CounterPath recently added an external monitoring service to watch our services from outside our network. The service provides a simple check of the major externally facing components of our network and gives us peace of mind that our systems are up from someone else's network vantage point. Importantly the tool is easy to use and configure, allows low polling times (one minute), allows for checks of IP, DNS, HTTP, and other protocols, and provides a rich set of alarming methods as well as reporting. We have been using this tool in a very basic way for a few weeks now to monitor our IP connectivity. The cache of information provided by the reporting tools is impressive.  The other important aspect from the perspective of checking out our new trial DNS provider was that the network monitoring service was distributed. We're currently using 25 locations, with nine of these in Europe, one in Canada, and the remainder spread across the US.  Perfect for what we are looking to test with respect to Anycast.

Perfect, except things went horribly wrong:

Check out those response times. Wow. This is not a service I want to be using.  Even worse than horrible response times, we were seeing outages. Something felt wrong. After some investigation, it appeared that while the results from the US (and Canada) and excluded Europe, things looked better:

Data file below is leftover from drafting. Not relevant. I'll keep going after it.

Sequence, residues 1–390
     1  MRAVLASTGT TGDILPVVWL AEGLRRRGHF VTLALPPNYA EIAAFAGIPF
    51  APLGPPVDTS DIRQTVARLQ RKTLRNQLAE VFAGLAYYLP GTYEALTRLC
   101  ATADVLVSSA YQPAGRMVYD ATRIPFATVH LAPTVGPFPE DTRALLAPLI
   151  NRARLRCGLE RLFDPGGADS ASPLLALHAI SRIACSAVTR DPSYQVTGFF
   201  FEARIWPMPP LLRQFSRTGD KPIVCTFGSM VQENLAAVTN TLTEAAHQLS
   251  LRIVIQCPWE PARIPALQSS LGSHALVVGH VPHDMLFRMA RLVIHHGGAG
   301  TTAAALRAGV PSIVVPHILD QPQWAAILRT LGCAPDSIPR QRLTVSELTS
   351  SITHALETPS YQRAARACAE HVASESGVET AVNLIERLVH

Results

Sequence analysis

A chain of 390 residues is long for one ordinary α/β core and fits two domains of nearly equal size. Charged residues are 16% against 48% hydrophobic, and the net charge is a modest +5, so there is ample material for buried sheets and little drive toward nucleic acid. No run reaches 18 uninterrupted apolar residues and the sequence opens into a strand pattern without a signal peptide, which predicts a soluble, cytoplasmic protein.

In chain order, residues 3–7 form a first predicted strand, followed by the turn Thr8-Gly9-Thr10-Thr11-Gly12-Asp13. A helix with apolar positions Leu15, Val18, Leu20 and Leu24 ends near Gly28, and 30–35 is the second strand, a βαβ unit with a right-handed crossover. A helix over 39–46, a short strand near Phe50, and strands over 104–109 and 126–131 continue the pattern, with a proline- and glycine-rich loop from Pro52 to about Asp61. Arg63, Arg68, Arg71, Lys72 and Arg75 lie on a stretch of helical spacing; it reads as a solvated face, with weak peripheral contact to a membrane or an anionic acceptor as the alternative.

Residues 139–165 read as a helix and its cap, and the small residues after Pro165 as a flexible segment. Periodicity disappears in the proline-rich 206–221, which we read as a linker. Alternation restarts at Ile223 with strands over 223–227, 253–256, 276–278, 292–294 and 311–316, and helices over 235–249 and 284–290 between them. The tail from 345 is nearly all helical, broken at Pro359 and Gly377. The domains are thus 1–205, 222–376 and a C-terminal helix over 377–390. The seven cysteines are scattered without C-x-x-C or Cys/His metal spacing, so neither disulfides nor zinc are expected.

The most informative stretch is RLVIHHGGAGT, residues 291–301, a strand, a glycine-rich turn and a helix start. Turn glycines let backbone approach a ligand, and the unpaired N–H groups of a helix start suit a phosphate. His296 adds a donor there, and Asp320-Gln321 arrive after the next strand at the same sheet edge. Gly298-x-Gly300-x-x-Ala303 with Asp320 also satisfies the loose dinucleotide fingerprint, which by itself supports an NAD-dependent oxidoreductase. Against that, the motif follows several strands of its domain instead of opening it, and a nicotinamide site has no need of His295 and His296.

This looked much better but still was not carrier class. There is a clear European problem, but there is more than that:  something is choking our results. All of the failures were when we had a European Monitor (and then a secondary monitor server) check in on the DNS service. The failures were also when we were seeing the crazy high response times and were during business hours US East Coast time. Either the monitoring network was doing something or the DNS service had some systemic problems in Europe.

After taking a look a few times I decided to really dig in and write questions via email to the support teams at the monitoring provider and the DNS hosting provider. My email to the DNS provider let them know that I was seeing something strange, particularly in Europe. I asked about their European infrastructure, what they were doing with respect to Anycast there, and basically asking if my trial account included servers that were Anycast in Europe. The email to the monitoring provider contained careful questions about the operations of the monitoring servers, their secondary testing, how they used DNS, asking about impact of IP Anycast on their DNS monitoring services.